Labate v. Rutland Hospital, Inc.

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Justia Opinion Summary

At issue in this appeal was a jury verdict rendered in favor of Rutland Hospital, Inc., d/b/a Rutland Regional Medical Center, and related entities (“RRMC”) and Dr. Santiago Cancio-Bello arising from injuries due to claimed medical malpractice in connection with the birth of Amy and Robert Labates’ daughter in 2007. Following the return of the jury verdict in favor of RRMC and Cancio-Bello, the Labates moved for a new trial on several different grounds, many of which concerned alleged juror misconduct, including a claim that a juror read an e-mail sent by RRMC to its employees during the trial and therefore tainted the verdict. The trial court denied the motion without a hearing and this appeal followed. The only issue before the Supreme Court centered on that e-mail. Finding no reversible error, the Supreme Court affirmed the trial court.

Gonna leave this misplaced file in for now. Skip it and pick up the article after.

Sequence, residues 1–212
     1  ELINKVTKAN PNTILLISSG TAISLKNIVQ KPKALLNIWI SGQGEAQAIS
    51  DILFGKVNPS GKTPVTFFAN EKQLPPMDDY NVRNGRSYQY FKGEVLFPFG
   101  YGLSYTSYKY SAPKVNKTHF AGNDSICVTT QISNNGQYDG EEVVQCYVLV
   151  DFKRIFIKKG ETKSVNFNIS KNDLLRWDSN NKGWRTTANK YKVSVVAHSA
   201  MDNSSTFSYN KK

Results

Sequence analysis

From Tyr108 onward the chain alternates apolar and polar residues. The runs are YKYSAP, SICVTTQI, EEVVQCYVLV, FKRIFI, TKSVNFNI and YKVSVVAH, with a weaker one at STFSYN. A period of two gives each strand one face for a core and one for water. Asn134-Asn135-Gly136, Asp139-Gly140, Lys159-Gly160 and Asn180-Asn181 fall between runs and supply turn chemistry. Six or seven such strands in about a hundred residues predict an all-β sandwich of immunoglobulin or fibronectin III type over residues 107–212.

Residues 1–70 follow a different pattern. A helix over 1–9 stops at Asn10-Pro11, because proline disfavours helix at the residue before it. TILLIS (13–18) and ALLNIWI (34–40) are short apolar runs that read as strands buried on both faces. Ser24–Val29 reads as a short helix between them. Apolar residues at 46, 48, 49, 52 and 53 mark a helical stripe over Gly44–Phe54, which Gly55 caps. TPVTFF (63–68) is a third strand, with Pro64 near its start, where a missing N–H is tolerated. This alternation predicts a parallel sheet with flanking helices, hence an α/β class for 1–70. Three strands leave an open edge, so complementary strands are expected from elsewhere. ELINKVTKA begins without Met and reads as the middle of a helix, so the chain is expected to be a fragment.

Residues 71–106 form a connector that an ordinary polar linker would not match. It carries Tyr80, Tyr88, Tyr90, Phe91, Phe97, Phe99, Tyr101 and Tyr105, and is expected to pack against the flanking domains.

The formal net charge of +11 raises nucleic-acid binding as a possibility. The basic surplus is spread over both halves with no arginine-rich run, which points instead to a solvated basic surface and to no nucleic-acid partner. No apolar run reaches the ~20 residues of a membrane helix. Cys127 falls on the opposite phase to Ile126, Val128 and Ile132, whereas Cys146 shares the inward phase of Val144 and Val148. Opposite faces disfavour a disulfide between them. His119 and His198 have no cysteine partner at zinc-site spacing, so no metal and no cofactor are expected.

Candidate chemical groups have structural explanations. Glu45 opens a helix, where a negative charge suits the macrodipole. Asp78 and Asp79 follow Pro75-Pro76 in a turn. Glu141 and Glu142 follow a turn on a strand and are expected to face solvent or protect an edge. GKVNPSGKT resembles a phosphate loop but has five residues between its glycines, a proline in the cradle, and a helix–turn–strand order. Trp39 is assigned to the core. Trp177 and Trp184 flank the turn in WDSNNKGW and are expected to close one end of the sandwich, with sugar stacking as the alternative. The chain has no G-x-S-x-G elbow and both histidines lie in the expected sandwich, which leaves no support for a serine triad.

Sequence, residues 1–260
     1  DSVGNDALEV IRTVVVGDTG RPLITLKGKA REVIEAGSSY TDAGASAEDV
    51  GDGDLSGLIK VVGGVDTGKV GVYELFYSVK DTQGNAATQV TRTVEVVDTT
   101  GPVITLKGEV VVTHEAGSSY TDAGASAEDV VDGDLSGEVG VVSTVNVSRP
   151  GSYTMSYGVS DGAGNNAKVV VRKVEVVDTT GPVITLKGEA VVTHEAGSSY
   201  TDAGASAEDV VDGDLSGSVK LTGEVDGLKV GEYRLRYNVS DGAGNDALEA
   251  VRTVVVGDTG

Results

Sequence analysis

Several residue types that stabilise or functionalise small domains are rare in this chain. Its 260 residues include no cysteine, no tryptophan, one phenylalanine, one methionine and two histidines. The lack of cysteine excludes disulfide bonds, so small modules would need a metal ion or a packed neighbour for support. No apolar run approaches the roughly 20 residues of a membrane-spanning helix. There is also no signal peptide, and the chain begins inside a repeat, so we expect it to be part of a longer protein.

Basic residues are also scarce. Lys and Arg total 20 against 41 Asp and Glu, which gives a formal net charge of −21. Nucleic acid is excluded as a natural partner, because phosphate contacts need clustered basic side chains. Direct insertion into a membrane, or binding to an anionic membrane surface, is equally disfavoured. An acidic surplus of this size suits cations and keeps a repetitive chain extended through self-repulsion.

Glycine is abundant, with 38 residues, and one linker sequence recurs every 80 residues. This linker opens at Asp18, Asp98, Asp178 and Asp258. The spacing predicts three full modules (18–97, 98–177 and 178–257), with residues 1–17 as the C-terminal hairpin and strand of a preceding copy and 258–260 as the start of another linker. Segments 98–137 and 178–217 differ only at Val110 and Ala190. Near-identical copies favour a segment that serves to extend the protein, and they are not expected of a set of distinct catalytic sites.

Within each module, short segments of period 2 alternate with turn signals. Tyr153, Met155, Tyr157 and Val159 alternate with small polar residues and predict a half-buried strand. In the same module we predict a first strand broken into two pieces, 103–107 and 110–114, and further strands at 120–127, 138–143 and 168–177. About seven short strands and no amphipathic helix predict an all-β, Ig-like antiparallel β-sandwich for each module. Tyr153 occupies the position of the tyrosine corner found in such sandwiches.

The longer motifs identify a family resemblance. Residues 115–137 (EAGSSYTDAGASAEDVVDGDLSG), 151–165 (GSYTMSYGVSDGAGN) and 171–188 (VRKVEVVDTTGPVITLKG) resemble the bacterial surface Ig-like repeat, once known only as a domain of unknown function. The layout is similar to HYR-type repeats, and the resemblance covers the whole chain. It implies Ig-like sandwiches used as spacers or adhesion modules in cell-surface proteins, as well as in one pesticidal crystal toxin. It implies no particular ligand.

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NOTICE: This opinion is subject to motions for reargument under V.R.A.P. 40 as well as formal revision before publication in the Vermont Reports. Readers are requested to notify the Reporter of Decisions by email at: JUD.Reporter@state.vt.us or by mail at: Vermont Supreme Court, 109 State Street, Montpelier, Vermont 05609-0801, of any errors in order that corrections may be made before this opinion goes to press. 2015 VT 128 No. 2014-463 Amy Labate & Robert Labate, Individually and On Behalf of Minor Daughter, J.L. Supreme Court On Appeal from Superior Court, Rutland Unit, Civil Division v. Rutland Hospital, Inc. d/b/a Rutland Regional Medical Center and Santiago Cancio-Bello, M.D. May Term, 2015 William D. Cohen, J. Anthony Z. Roisman, Weathersfield, and Mark R. Mueller of Muller Law Offices, Austin, Texas, for Plaintiffs-Appellants. Peter B. Joslin and Keith Aten of Theriault & Joslin, P.C., Montpelier, for Defendant-Appellee Santiago Cancio-Bello, M.D. Allan R. Keyes of Ryan Smith & Carbine, LTD., Rutland, for Defendant-Appellee Rutland Hospital, Inc. d/b/a Rutland Regional Medical Center. PRESENT: Dooley, Robinson and Eaton, JJ., and Morse, J. (Ret.) and Davenport, Supr. J. (Ret), Specially Assigned ¶ 1. EATON, J. This is an appeal of a jury verdict in favor of Rutland Hospital, Inc., d/b/a Rutland Regional Medical Center, and related entities (“RRMC”)1 and Dr. Santiago CancioBello arising from injuries due to claimed medical malpractice in connection with the birth of Amy and Robert Labates’ daughter on August 3, 2007. A jury trial was held in Rutland Superior Court, Civil Division, between August 11 and August 22, 2014. Following the return of the jury 1 Although suit was brought against several entities related to Rutland Hospital, for ease of reference they are jointly considered as RRMC, with the exception of Dr. Cancio-Bello. verdict in favor of RRMC and Cancio-Bello, the Labates moved for a new trial on several different grounds, many of which concerned alleged juror misconduct, including a claim that a juror read an e-mail sent by RRMC to its employees during the trial and therefore tainted the verdict. The trial court denied the motion without a hearing and this appeal followed. The only issue before this Court concerns that e-mail. For the reasons stated herein, we affirm. ¶ 2. On July 30, 2010, the Labates filed a complaint against RRMC and Cancio-Bello for medical malpractice, see 12 V.S.A. § 1908, alleging that the care they rendered in delivering the Labates’ child was negligent. Defendants answered individually, each denying all claims of malpractice and asserting various affirmative defenses, and the case proceeded through discovery to trial. On May 20, 2014, the parties drew a jury. During the voir dire, a prospective juror made the following disclosure: “Just to put it out there to the court, I have worked there [RRMC] for 10 years, also, with the doctor. I pride myself—I’m pretty objective. I just want to put that out there, the fact that I do objectively work there.” ¶ 3. In follow-up questioning, the prospective juror disclosed that he did security work at RRMC.2 The capacity in which he did the security work, whether as an employee of RRMC or otherwise, was never established. At the conclusion of the voir dire, the parties exercised forcause and peremptory challenges to exclude certain jurors. The above-mentioned prospective juror was neither challenged for-cause nor the subject of a peremptory challenge by any party. None of the parties exhausted the entirety of their allotted peremptory challenges and the abovementioned prospective juror ultimately sat on the case through verdict. 2 As the transcript of the voir dire reflects, the prospective juror attempted to clarify what he meant by “I do security there.” The record provided by the Labates indicates that the juror said: “So I hold the people down while [Cancio-Bello] takes care of them.” The transcript provided by Cancio-Bello recites that the juror said: “So I know the people (indiscernible).” These discrepancies in the transcript, which were provided by two independent transcript companies, reveals that the juror’s statements of “I do security there” is susceptible to at least two interpretations. 2 ¶ 4. The trial began on August 11, 2014, nearly three months after the jury had been selected. Before opening statements, the trial judge asked the jury panel: “And has anyone heard anything about this case or done any outside research since the jury draw which was—which was a few months ago?” None of the jurors indicated having heard anything about the case during the interim. ¶ 5. At the conclusion of the first day of testimony, the trial judge gave a cautionary instruction to the jury as follows: The Rutland Herald reporter was here this morning. There might be an article in tomorrow’s newspaper. If there is, I would just instruct you not to read it, and I’ll ask—if it is in the paper, I will ask you tomorrow morning if you saw it and if you viewed it. I don’t expect it to be on any other type of—any other type of media, but most important is that you don’t utilize any outside research. The decision that you make in this case is going to be solely based on the testimony from the witnesses and the evidence that’s been produced in the trial. So with that, we’ll see you tomorrow. Each day of trial, before the testimony commenced, the judge asked the jurors if they had heard or read anything about the trial from outside sources, and each day, no juror indicated having heard or read anything about the trial from any outside sources. At the conclusion of each day, before discharging the jurors, the judge cautioned the jurors not to do outside research or to read anything about the trial. ¶ 6. On August 22, 2014, following deliberations, the jury returned a verdict in favor of defendants, finding that the Labates had failed to prove the standard of care applicable to each defendant. See 12 V.S.A. § 1908(1) (requiring, in a medical-malpractice suit, that plaintiff prove “[t]he degree of knowledge or skill possessed or the degree of care ordinarily exercised by a reasonably skillful, careful, and prudent health care professional engaged in a similar practice under the same or similar circumstances whether or not within the state of Vermont”). Therefore, in accordance with the verdict form, the jury never considered whether any defendant had 3 deviated from the appropriate standard of care or whether any deviation was a proximate cause of any injury. See id. §§ 1908(2), (3). ¶ 7. During the trial, an article did appear in a local newspaper. In response to the article, RRMC sent an e-mail to two different e-mail groups,3 one labeled “RRHS All RRMC Physicians,” the other “RRHS All RRMC Staff (no physicians),”4 which read: A special “Monday Update” given the article in today’s Herald about a trial going on involving [RRMC]. The suit is over the outcome of an [sic] birth which occurred in 2007. At the end of the process the child ended up having cerebral palsy. As I can personally attest this truly is incredibly unfortunate. As we all know, we do high risk work at [RRMC] just like every other hospital. From time to time things go wrong. If we feel we are at fault, we will apologize, take corrective action and, if appropriate, reach a settlement with the other party. In this case we did not feel we did anything wrong. We did not feel the physician did anything wrong. Outside experts, our insurance company and our attorneys all concurred. In these cases we will allow the case to come to court and let a jury decide. We clearly believe in this case that something tragic happened and we feel terrible for the family. The world is not always fair. Bad things sometimes happen. It does not always mean someone is at fault. 3 The trial court referred to the e-mail groups named as recipients in the e-mail as “listservs.” The term “listserv” is apparently subject to a range of definitions, from being simply a “group in which the sender can send one email and it will reach a variety of people,” see Idaho State Univ. Faculty Ass’n for the Pres. of the First Amendment v. Idaho State Univ., 857 F. Supp. 2d 1055, 1058 n.2 (D. Idaho 2012) (quotation omitted), to being an automated mailing list that allow users to subscribe to particular topics and can be either managed automatically or by a human moderator, see Barrett v. Catacombs Press, 44 F. Supp. 2d 717, 721 n.1 (E.D. Pa. 1999) (citation omitted). It is unclear from the record which, if either, of these definitions might apply to “RRHS All RRMC Physicians” and “RRHS All RRMC Staff (no physicians),” the only named recipients of the e-mail. As a matter of simplicity and to avoid confusion, we refer to these recipients simply as “e-mail groups.” 4 The record reveals nothing about these e-mail groups other than the name assigned to them, which is reflected in the e-mail header information. There is no information about who or what owns them, i.e., are they personally or institutionally maintained, how often they are updated, whether they are as all-inclusive as their naming convention suggests, the quantity of email addresses contained within each, or even specifically what e-mail addresses are included. 4 There is no indication that any party was aware of this e-mail during the trial. The Labates first raised a concern about this e-mail about two weeks after the jury returned their verdict, as part of a motion for new trial filed on September 8, 2014. ¶ 8. The Labates’ motion for a new trial references the e-mail under a section header labeled “Attorney Misconduct.” This initial reference states, in relevant part, that “[a]ny potential for jury misconduct, confusion, or failure to follow instructions was increased by . . . an email sent by RRMC’s CEO to all doctors, staff and employees during the trial stating that RRMC had done nothing wrong and that their insurance, consultants and counsel had all agreed.” The motion points out that at least one juror worked for RRMC and that the “email was calculated to impact jurors’ opinions by comments that are not evidence but imply that the evidence supports Defendants’ case” and that the e-mail “essentially says that Plaintiffs do not have a meritorious case.” The vast majority of the motion, however, concerns issues that are not the subject of this appeal. ¶ 9. After defendants filed their opposition to the motion, but before the court ruled on the motion, the Labates filed an amended motion for a new trial, moving the reference to the email from the section entitled “Attorney Misconduct” to a section entitled “Improper Juror Influence.” This amended motion again makes only the same very short reference to the e-mail as the original post-trial filing and argues the same point that the e-mail “essentially says that Plaintiffs do not have a meritorious case” and that “[t]he email was calculated to impact jurors’ opinions by comments that are not evidence but imply that the evidence supports Defendants’ case.” A supplemental filing made in further support of the motion for a new trial does not even mention the e-mail. ¶ 10. The Labates, in their amended motion, as relates to the e-mail, asserted that “[a]t least one juror on the jury worked at the hospital as a security guard and thus would have received this email or at least overheard conversations about it at work.” The Labates, however, never 5 produced any specific information that the juror ever actually saw the e-mail or heard any conversations about it. Nothing in the record indicates that the Labates, following the return of the jury verdict, made any attempt to discuss the e-mail with the juror following the end of the juror’s term of service, obtain a court order granting permission to do so prior to the expiration of the term, or subpoena RRMC’s e-mail group information to discern which members of the RRMC community received the e-mail, regardless of whether they read it. During the trial, the juror never acknowledged nor disclosed receipt of the e-mail or acknowledged that he read it, despite numerous specific inquiries by the trial judge to the jury panel regarding outside information concerning the trial. ¶ 11. On November 17, 2014, without holding a hearing on the motion, the court issued a written decision denying the Labates’ amended motion for a new trial. The court noted that the evidence before it concerning the e-mail did not include any indication that the juror had knowledge of the e-mail—there was no evidence that he was attending work when the e-mail was circulating; was attending work or checking work e-mail during the trial; was part of one of the email groups to whom the e-mail was sent; or was normally in contact with those who were part of the e-mail groups. Given that evidentiary record, the court found it was entirely speculative that the e-mail was ever sent to the juror or that he read it at any time during the trial. ¶ 12. Despite the court’s findings about the lack of any actual knowledge that the juror may have had about the e-mail, the court denied the motion as it pertained to the content of the email, finding that the e-mail “contains only that which the jury already knew: that [RRMC] was denying liability and that it had found experts and attorneys who agreed with its decision to do so.” Whether the security guard in fact received this e-mail was irrelevant because the content was not disclosing any new information. ¶ 13. On appeal, the Labates assert that the court erred in: (1) concluding that the e-mail was incapable of influencing the jury’s verdict, and (2) insisting that the Labates had the burden 6 of proving facts within RRMC’s “peculiar” control while relieving RRMC of its obligation to reveal what it knew. ¶ 14. Whether an irregularity occurred is a question of fact for the trial court. See Losier v. Ravi, 362 S.W.3d 639, 647 (Tex. App. 2009). “[T]he test is not whether the irregularity actually influenced the result, but whether it had the capability of prejudicing the verdict.” Bellows Falls Vill. Corp. v. State Highway Bd., 123 Vt. 408, 414, 190 A.2d 695, 699 (1963) (emphasis added). ¶ 15. The Labates urge this Court to apply the test and burdens of proof for establishing juror misconduct utilized in criminal cases: Once a defendant sets forth sufficient evidence that an irregularity occurred and that it had the requisite capacity to affect the verdict, the State bears the burden of demonstrating that the irregularity did not actually prejudice the jurors against defendant, generally but not exclusively by demonstrating that the error was harmless beyond a reasonable doubt. State v. Mead, 2012 VT 36, ¶ 13, 192 Vt. 1, 54 A.3d 485. “This protection flows from the Sixth Amendment guarantee that the evidence developed against a defendant shall come from the witness stand in a public courtroom where there is full judicial protection of the defendant’s right of confrontation, of cross-examination, and of counsel.” Id. ¶ 12 (quotation omitted). In contrast, “[t]he right to trial by jury in civil cases is guaranteed by the Vermont Constitution, Chapter I, Article 12, and the United States Constitution, Seventh Amendment.” Harrington v. Decker, 134 Vt. 259, 261, 356 A.2d 511, 512 (1976) (per curiam). When it comes to juror misconduct in the civil context, we have not yet had occasion to address the allocation of the burden of proof, and we find it unnecessary to do so here as our resolution of the issues on appeal does not turn on who had the burden to establish capability of prejudicing the verdict. Cf. Markee v. Biasetti, 575 N.E.2d 1083, 1085-86 (Mass. 1991) (Wilkins, J., concurring) (arguing that majority’s adoption of criminal allocation of burden of proof in civil context is inappropriate, but 7 nonetheless concurring with the decision because “[t]he difference in the placing of the burden concerning prejudice makes no difference in the conclusion the court and I reach” because jury “went so far beyond their proper role . . . that the likely prejudice to the plaintiffs is established as a matter of law”). For this reason, we find the Labates’ reference to the United States Supreme Court decision in Mattox v. United States, 146 U.S. 140, 150 (1892) for the proposition that “[p]rivate communications, possibly prejudicial, between jurors and third persons, or witnesses, or the officer in charge, are absolutely forbidden, and invalidate the verdict, at least unless their harmlessness is made to appear” to be unavailing. ¶ 16. We note, however, that the states that have addressed the issue of burden of proof in the civil context have not reached a unanimous conclusion on the proper allocations—some states place the burden on the moving party to establish prejudice, see, e.g., D.B. & J. Holden Farms Ltd. P’Ship v. Ark. State Highway Comm’n, 218 S.W.3d 355, 357 (Ark. Ct. App. 2005) (“Following allegations of juror misconduct, the moving party bears the burden of proving that a reasonable possibility of prejudice resulted from any such juror misconduct.”), while others place the burden on the nonmoving party to establish no reasonable likelihood of prejudice, see, e.g., Markee, 575 N.E.2d at 1085 (finding “no reason to depart from reasoning” underlying burdenshifting scheme for establishing juror misconduct in a criminal case for civil cases, and thus holding that once moving party establishes that jury was exposed to outside influence, “the burden shifts to the nonmoving party to demonstrate that there is no reasonable likelihood that the party was prejudiced by what occurred”). See also Cooch v. S & D River Island, LLC, 85 A.3d 888, 898-902 (Md. 2014) (providing very detailed and thorough historical analysis of development of law in Maryland underlying motions for new trials in context of juror misconduct and recognizing that establishing proof of prejudice in civil context is separate and distinct from establishing prejudice in criminal context); Fitzpatrick v. Allen, 575 N.E.2d 750, 797 (Mass. 1991) (Abrams, J., concurring) (citing cases from various jurisdictions and indicating preference 8 for rule that “the moving party show that he was prejudiced by the extraneous material before the jury” but recognizing observation from Markee, 575 N.E.2d at 1085 that “place[s] the burden on the nonmoving party to demonstrate that there was no reasonable likelihood that the jury were influenced by the extraneous material”). ¶ 17. In this case, the trial court suggested there was insufficient proof an irregularity had occurred but nevertheless concluded that even if it had, the content of the e-mail was such that it could not have affected the verdict. Whether alleged juror misconduct has prejudiced the trial process is a matter for the discretion of the trial judge. See, e.g., D.B. & J Holden Farms, 218 S.W.3d at 357 (“Whether prejudice occurred is . . . a matter for the sound discretion of the trial court.”); Smith v. State, 432 N.E.2d 1363, 1367 (Ind. 1982) (“It is well settled that juror misconduct is in the first instance a question for the trial court and the decision to grant or deny a mistrial is a matter committed to the trial court’s discretion, reviewable solely on the issue of abuse of discretion.”). Our review is, therefore, to determine whether the trial court has abused its discretion. See Bellows Falls, 123 Vt. at 414, 190 A.2d at 699 (finding no abuse of discretion in trial court’s granting motion for new trial where jurors had received information outside of trial); see also State v. Savo, 141 Vt. 203, 208, 446 A.2d 786, 789 (1982) (explaining that discretionary rulings will be upheld “if there is a reasonable basis for the court’s action” and that error will be found only where the court either failed to exercise its discretion or “exercised it for reasons clearly untenable or to an extent clearly unreasonable”). ¶ 18. Vermont Rule of Evidence 606(b) follows the long-established Vermont practice of protecting the jury’s deliberative process from disclosure while still allowing juror testimony on whether improper information had been presented to the jury. See Reporter’s Notes, V.R.E. 606 (explaining that Vermont case law and Rule 606 recognize distinction “between the facts of outside influence or information and their effect”); Bellows Falls, 123 Vt. at 411-12, 190 A.2d at 697-98 (recognizing that “[t]he expressions of the jurors, their arguments and motives, their fears 9 and hopes, the individual juryman’s state of mind are communicated with confidence that they will be kept secret beyond the jury room” and that “[t]he preservation of this confidence is vital to the constitutional function of the jury system, and is entitled to cautious protection” but that “misbehavior, even though it may have been the subject of comment among the jurors, is not entitled to the privileged secrecy of the jury room”). Rule 606(b) provides: Upon an inquiry into the validity of a verdict or indictment, a juror may not testify as to any matter or statement occurring during the course of the jury’s deliberations or to the effect of anything upon that or any other juror’s mind or emotions as influencing the juror to assent to or dissent from the verdict or indictment or concerning the juror’s mental processes in conjunction therewith. But a juror may testify about (1) whether extraneous prejudicial information was improperly brought to the jury’s attention, (2) whether any outside influence was improperly brought to bear upon any juror, (3) whether there was a mistake in entering the verdict onto the verdict form, or (4) whether any juror discussed matters pertaining to the trial with persons other than fellow jurors. A juror’s affidavit or evidence of any statement made by the juror may not be received on a matter about which the juror would be precluded from testifying. Thus, courts will not consider attempts through the jurors themselves to establish misconduct occurring during the jury deliberations concerning the mental processes or arguments of jurors. Jurors may, however, properly testify in response to inquiries as to whether extraneous prejudicial information was brought before them. See id.; Bellows Falls, 123 Vt. at 411-12, 190 A.2d at 69798. ¶ 19. Here, the claim of juror misconduct involves the potential consideration of extraneous information, and inquiry of jurors themselves would be proper under V.R.E. 606(b) to the point of determining whether such information had been brought before the jury. The impact of such information on the jury deliberations, however, would not be a proper area of inquiry into, or testimony by, a juror as that would invade the jury’s deliberative process. If misconduct were established, the impact of the consideration of that information, and its effect on a fair trial, would be solely for the trial court’s determination. 10 ¶ 20. Accordingly, the trial court here was partially incorrect in its interpretation of the two-step process discussed in Bellows Falls and articulated in V.R.E. 606(b). The trial court erroneously stated that evidence of whether outside influence occurred must be produced by “non-juror evidence.” As noted above, whether there has been an outside influence or whether extraneous prejudicial information has been brought before the jury are proper areas for which inquiry of the jurors is specifically allowed under our case law and Rule 606(b).5 Notwithstanding that erroneous statement of the law, the trial court was correct that the second prong—whether the information had the capacity to affect the jury’s verdict—is a matter upon which inquiry may not be made of the jurors. ¶ 21. In a medical-malpractice action, the plaintiff bears the burden of proof to establish the appropriate standard of medical care and that a departure from that standard occurred. Senesac v. Assocs. in Obstetrics and Gynecology, 141 Vt. 310, 313, 449 A.2d 900, 902 (1982). The trial judge submitted this case to the jury using a verdict form with special interrogatories to be answered. Contained within the interrogatories were questions asking if the jury found that the Labates had proven the appropriate standard of care to be used by RRMC and Cancio-Bello, both of which the jury answered in the negative. 5 Vermont Rule of Professional Conduct 3.5 expressly contemplates the idea that counsel may seek to communicate with jurors either before their term of service has been completed or thereafter. If the juror’s term of service has yet to be completed, counsel may not communicate with said juror “except by leave of court for good cause shown and under such terms as the court shall determine.” V.R.P.C. 3.5(b)(2); Reporter’s Notes 2009 Amendment, V.R.P.C. 3.5(b)(2) (“A juror’s term of service is concluded when that juror has been summoned for voir dire three times within a two-year period pursuant to Rules 6 and 9 of the Rules for Qualification, List, Selection and Summoning of All Jurors.”). If, on the other hand, the juror’s term has been completed, counsel may seek to communicate with the juror unless such communication is prohibited by law or court order; the juror has made known that he or she does not wish to speak with counsel; or the communication “involves misrepresentation, coercion, duress, or harassment.” V.R.P.C. 3.5(c). In this sense, counsel for the Labates was free to seek to communicate with any juror that counsel believed may have received the e-mail underlying this appeal, subject to the aforementioned limitations. Had the jurors’ terms of service not been up, counsel could have moved for leave of court for good cause shown to seek to speak with any juror regarding receipt of the e-mail. 11 ¶ 22. Even assuming, as the trial court did, that the e-mail at the heart of this appeal was ever read by the juror, it contained no discussion of the standard of care required of either defendant.6 A matter of dispute in the case was the standard of care required of a local hospital such as RRMC in response to a developing situation arising after normal-business hours. Broadly construed, the e-mail asserted that RRMC “had done nothing wrong”—in other words, that they had met the applicable standard of care, whatever that may be. Subsequent interrogatories to the jury requested that they determine if either defendant had deviated from the appropriate standard of care, a question not reached by the jury.7 ¶ 23. The Labates’ failure to establish the requisite standard of care is quite a different matter than failing to establish that either defendant deviated from that standard. Had the jury determined that the Labates had established the proper standard of care but that there had been no deviation from that standard, a potentially stronger argument might be made that the e-mail, if read, may have had an influence on at least one of the jurors. The jury, however, never reached that question in their deliberations. Because the e-mail contained nothing regarding the nature of the standard of care, it had no capacity to influence the jury on the questions on which they found a failure of proof, i.e., what constituted the standard of care in the first instance. ¶ 24. The jury in this case was painstakingly reminded by the trial judge not to read anything from outside sources and to base its verdict solely on the evidence presented in court. Additionally, they were questioned daily about whether they had received any outside 6 Because we assume arguendo that the e-mail was received and read by the juror, we need not and do not address the applicability of the “mailbox rule” to an e-mail. 7 When the jury initially returned its verdict, the foreperson had improperly filled out the verdict form indicating that Cancio-Bello had not deviated from the appropriate standard of care but had left the establishment of the standard of care question blank as to him. The judge questioned the foreperson concerning this issue and gave the jury an opportunity to discuss its verdict further. Upon its return, the foreperson indicated that he had made a mistake initially and had placed a check mark in the wrong question (question 5 instead of 4). The revised verdict form indicated that the Labates had not established the appropriate standard of care as to either defendant and the response to question 5 was deleted. 12 information. At every inquiry, the response was uniformly that they had not. We cannot presume that the jury disregarded these instructions and inquiries from the trial judge. In fact, quite to the contrary, the rule is that “ ‘juries are presumed to follow their instructions.’ ” Zafiro v. United States, 506 U.S. 534, 540-41 (1993) (quoting Richardson v. Marsh, 481 U.S. 200, 211 (1987)). Although not the basis for the court’s denial of a new trial, the evidence in the existing record of whether an irregularity occurred at all was far from convincing and well short of the assumption that it was read by the juror as urged by the Labates. ¶ 25. As noted, the argument raised below concerning the e-mail was extremely narrow, asserting only that the e-mail “was calculated to impact juror’s opinions by comments that are not evidence but imply that the evidence supports Defendants’ case.” On appeal to this Court, the Labates raise several new theories concerning the potential impact of the e-mail, including various claims under the Vermont Constitution that the e-mail impacted the right to an impartial jury and constructions of the e-mail as improperly introducing character evidence, none of which were raised in their arguments below. This Court has long recognized that the trial court may not be put in error by an appellant advancing a theory on appeal that was not raised before the trial court. See, e.g., Roberts v. Chimileski, 2003 VT 10, ¶ 14, 175 Vt. 480, 820 A.2d 995 (“As is so often the case, plaintiffs fully stated their new theory for the first time only in this Court, after their initial theory failed in the trial court. Therefore, we find that plaintiffs failed to raise below and offer sufficient proof for their . . . [new] theory, and we will not address this issue here.”); Robillard v. Tillotson, 118 Vt. 294, 302, 108 A.2d 524, 529 (1954) (“A question not raised below is not for consideration here. Neither may a trial court be put in error on a point not made below.”), abrogated on other grounds by Demag v. Better Power Equip., 2014 VT 78, 197 Vt. 176, 102 A.3d 1101. The broad statement in the motion below concerning the e-mail did not put the trial court on notice of the arguments the Labates now make. The trial court had no opportunity to 13 consider the various theories now advanced concerning the e-mail and therefore those theories are not properly before this Court and we shall not address them. ¶ 26. Considering the e-mail in light of the arguments properly raised by the Labates, the trial court was correct that the e-mail did not have the capacity to affect the verdict. The trial court was also correct that the e-mail’s content was primarily a denial of any wrongdoing, a point squarely before the jury throughout the trial. In addition, the jury’s verdict—that the Labates had failed in establishing the applicable standards of care—had nothing to do with anything contained in the e-mail. Although our prior case law has established a two-prong test in cases of allegedjuror misconduct or extraneous-outside information, it was not necessary for the trial court to determine whether the irregularity had occurred in this instance. Even if the irregularity had occurred, the court’s determination that it had no capacity to affect the verdict was not an abuse of discretion. Affirmed. FOR THE COURT: Associate Justice 14